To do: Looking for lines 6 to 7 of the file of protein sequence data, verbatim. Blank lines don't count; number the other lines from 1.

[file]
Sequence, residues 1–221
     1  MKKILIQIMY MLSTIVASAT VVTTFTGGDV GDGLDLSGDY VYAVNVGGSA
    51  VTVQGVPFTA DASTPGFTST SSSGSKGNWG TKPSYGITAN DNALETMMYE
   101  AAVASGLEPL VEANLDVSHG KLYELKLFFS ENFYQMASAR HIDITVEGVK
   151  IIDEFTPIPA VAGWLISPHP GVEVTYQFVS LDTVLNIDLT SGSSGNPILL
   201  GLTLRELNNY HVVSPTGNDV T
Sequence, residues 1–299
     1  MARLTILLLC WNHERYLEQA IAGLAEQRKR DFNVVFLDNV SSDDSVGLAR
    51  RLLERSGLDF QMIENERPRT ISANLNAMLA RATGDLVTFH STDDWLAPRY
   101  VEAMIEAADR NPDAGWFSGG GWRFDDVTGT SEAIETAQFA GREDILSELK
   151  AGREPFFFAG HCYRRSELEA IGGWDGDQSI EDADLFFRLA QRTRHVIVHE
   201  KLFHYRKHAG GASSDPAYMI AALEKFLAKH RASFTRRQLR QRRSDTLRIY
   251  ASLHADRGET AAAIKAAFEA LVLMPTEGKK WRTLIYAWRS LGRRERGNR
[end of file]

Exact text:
   201  GLTLRELNNY HVVSPTGNDV T
Sequence, residues 1–299